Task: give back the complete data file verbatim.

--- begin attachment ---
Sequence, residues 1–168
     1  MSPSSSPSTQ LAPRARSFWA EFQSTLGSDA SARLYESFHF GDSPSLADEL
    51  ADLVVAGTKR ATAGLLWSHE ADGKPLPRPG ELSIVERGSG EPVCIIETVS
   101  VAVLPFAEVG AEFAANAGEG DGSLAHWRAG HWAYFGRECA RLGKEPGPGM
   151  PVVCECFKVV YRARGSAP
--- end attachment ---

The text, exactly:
Sequence, residues 1–168
     1  MSPSSSPSTQ LAPRARSFWA EFQSTLGSDA SARLYESFHF GDSPSLADEL
    51  ADLVVAGTKR ATAGLLWSHE ADGKPLPRPG ELSIVERGSG EPVCIIETVS
   101  VAVLPFAEVG AEFAANAGEG DGSLAHWRAG HWAYFGRECA RLGKEPGPGM
   151  PVVCECFKVV YRARGSAP